Produced by Fred Weinberg and Dreams
While most of the early fusion had a huge focus on Hendrix-influenced electric guitars, and this does feature some noteworthy contributions from John Abercrombie, this is clearly an extension of Miles Davis, especially Miles’ then-recent live explorations of chasing down the truth and the voodoo, as this set focuses on driving rhythms, horns and spontaneity, the forward movement often working up to a semi-controlled frenzy perhaps best showcased as the 14+ minute “Dream Suite” progresses into a funky drive.
While Miles is an obvious influence, the influences of other innovative jazz pioneers of the 60s clearly show, including the ones who–like this outfit–offered vocals. And as one would expect from a fusion outfit, the influences appear to go beyond the world of jazz. For example, the influence of Sly Stone might have gone unnoticed, but considering the first cut (“Devil Lady”) and the fact that this outfit was formed in the late 60s and released this album in 1970, it’s easy to make that Sly Stone connection. It’s not that most of this sounds like Sly, but the influence is clearly there.
It’s also easy to hear how this outfit likely both influenced and was influenced by many artists of this era, by the horn-heavy rock groups of the late 60s as well as Frank Zappa and Tower of Power. And while this group doesn’t match the innovations and accomplishments of Miles Davis and Weather Report, the music on this album does appears to bridge Miles to the innovative fusion work of Weather Report.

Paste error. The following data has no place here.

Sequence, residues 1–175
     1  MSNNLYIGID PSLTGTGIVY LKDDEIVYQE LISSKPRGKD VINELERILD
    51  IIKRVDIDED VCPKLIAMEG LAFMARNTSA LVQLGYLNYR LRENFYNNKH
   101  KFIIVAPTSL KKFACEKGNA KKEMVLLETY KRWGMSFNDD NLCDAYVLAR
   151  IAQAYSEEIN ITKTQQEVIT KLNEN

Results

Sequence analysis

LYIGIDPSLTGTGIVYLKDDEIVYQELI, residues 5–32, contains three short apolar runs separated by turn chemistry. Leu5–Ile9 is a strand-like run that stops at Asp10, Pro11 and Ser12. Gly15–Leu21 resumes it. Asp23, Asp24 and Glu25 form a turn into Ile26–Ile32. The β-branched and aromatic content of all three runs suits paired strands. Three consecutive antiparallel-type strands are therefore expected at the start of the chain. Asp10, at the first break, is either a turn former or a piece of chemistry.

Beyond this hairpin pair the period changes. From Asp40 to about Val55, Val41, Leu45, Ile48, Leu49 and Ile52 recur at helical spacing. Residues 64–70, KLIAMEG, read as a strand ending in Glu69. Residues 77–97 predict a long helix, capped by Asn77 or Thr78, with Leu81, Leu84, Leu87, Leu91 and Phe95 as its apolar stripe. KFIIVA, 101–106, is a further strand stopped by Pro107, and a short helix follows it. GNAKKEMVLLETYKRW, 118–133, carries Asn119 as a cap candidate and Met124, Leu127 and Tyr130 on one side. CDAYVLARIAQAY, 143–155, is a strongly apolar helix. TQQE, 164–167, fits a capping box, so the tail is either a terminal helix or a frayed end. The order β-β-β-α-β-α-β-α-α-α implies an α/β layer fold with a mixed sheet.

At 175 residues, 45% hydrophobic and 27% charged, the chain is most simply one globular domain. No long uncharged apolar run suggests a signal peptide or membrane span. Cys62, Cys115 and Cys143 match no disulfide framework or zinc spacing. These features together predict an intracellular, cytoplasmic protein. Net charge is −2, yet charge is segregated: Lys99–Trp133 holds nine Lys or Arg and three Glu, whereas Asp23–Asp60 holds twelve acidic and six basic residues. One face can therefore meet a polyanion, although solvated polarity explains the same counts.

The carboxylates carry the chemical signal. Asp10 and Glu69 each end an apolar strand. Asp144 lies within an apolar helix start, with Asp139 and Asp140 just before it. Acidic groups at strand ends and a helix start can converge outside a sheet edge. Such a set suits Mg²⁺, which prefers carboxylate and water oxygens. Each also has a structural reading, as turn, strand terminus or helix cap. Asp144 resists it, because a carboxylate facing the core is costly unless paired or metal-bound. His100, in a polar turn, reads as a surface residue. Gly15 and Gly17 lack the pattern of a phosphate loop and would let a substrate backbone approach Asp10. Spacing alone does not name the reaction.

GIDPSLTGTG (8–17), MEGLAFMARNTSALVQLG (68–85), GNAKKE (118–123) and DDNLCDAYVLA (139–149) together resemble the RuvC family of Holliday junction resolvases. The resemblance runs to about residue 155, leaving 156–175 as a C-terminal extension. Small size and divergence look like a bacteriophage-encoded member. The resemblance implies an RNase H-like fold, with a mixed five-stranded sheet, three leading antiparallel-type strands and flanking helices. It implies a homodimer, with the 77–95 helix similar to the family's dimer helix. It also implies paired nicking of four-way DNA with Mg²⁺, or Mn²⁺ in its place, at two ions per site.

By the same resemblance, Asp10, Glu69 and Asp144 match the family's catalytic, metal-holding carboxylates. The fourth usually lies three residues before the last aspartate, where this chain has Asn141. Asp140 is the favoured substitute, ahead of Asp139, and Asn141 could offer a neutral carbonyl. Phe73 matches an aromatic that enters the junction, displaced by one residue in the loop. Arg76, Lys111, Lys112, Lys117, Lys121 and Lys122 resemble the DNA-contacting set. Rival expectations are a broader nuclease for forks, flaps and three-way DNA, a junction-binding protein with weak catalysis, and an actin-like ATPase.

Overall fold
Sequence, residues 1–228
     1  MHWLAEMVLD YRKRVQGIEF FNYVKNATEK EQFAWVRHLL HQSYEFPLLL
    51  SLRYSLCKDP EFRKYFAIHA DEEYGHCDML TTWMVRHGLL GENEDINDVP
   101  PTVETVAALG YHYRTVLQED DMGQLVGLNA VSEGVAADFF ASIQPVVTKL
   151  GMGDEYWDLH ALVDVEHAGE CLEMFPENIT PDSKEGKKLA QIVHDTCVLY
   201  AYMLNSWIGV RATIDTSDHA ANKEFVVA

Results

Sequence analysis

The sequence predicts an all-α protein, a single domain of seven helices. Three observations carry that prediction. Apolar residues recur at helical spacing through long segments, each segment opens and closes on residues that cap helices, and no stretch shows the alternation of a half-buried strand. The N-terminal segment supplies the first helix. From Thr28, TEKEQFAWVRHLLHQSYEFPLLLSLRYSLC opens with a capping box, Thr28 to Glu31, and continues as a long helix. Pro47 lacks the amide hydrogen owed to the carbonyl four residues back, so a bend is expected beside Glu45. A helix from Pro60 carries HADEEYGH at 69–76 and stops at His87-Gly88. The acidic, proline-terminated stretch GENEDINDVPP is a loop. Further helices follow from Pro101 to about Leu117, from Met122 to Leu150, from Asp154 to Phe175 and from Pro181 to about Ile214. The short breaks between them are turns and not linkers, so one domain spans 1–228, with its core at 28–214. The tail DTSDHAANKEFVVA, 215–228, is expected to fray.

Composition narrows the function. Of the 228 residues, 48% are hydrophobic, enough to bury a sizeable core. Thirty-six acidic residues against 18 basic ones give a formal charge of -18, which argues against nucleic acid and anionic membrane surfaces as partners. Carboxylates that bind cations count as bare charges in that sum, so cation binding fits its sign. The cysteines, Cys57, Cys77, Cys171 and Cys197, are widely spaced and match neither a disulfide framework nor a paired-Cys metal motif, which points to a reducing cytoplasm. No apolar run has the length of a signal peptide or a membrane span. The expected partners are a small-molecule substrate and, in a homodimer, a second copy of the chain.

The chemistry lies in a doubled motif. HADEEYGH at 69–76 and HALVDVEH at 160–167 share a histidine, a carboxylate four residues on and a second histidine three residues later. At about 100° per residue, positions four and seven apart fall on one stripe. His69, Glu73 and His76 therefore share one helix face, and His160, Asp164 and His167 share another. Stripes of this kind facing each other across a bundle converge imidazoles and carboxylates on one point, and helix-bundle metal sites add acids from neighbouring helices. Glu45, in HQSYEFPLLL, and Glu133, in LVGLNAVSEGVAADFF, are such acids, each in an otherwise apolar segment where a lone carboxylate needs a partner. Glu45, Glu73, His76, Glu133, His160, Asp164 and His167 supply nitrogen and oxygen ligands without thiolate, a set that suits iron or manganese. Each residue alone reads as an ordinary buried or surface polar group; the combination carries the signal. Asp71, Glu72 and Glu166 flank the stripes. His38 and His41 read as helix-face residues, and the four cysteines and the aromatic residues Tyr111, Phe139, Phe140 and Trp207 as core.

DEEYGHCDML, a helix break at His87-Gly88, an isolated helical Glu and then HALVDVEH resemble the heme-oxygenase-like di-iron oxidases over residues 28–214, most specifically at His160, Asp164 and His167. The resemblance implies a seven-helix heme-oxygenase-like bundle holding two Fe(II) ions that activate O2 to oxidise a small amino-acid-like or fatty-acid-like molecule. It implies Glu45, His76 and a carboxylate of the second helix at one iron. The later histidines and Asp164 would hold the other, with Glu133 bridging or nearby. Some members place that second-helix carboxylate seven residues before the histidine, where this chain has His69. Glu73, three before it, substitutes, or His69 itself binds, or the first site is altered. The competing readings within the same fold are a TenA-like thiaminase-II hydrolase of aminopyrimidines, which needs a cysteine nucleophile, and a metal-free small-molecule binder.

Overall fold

The music is grounded in the compositions provided by keyboardist Jeff Kent and bassist Doug Lubahn, with Lubahn’s bass and Cobham’s drumming helping to both ground it and move it along, but this is a whole-group effort and more about exploration and spontaneous combustion than control, to provide as the liner notes point out, “a sort of organized jam.” The live-in-the-studio recording strategy certainly didn’t come out of nowhere, but this outfit helped establish this as an option and an example for musicians in the decades that followed. The musical explorations certainly serve as a bridge between some of the more innovative music of 1960s and for better or worse, the times to come.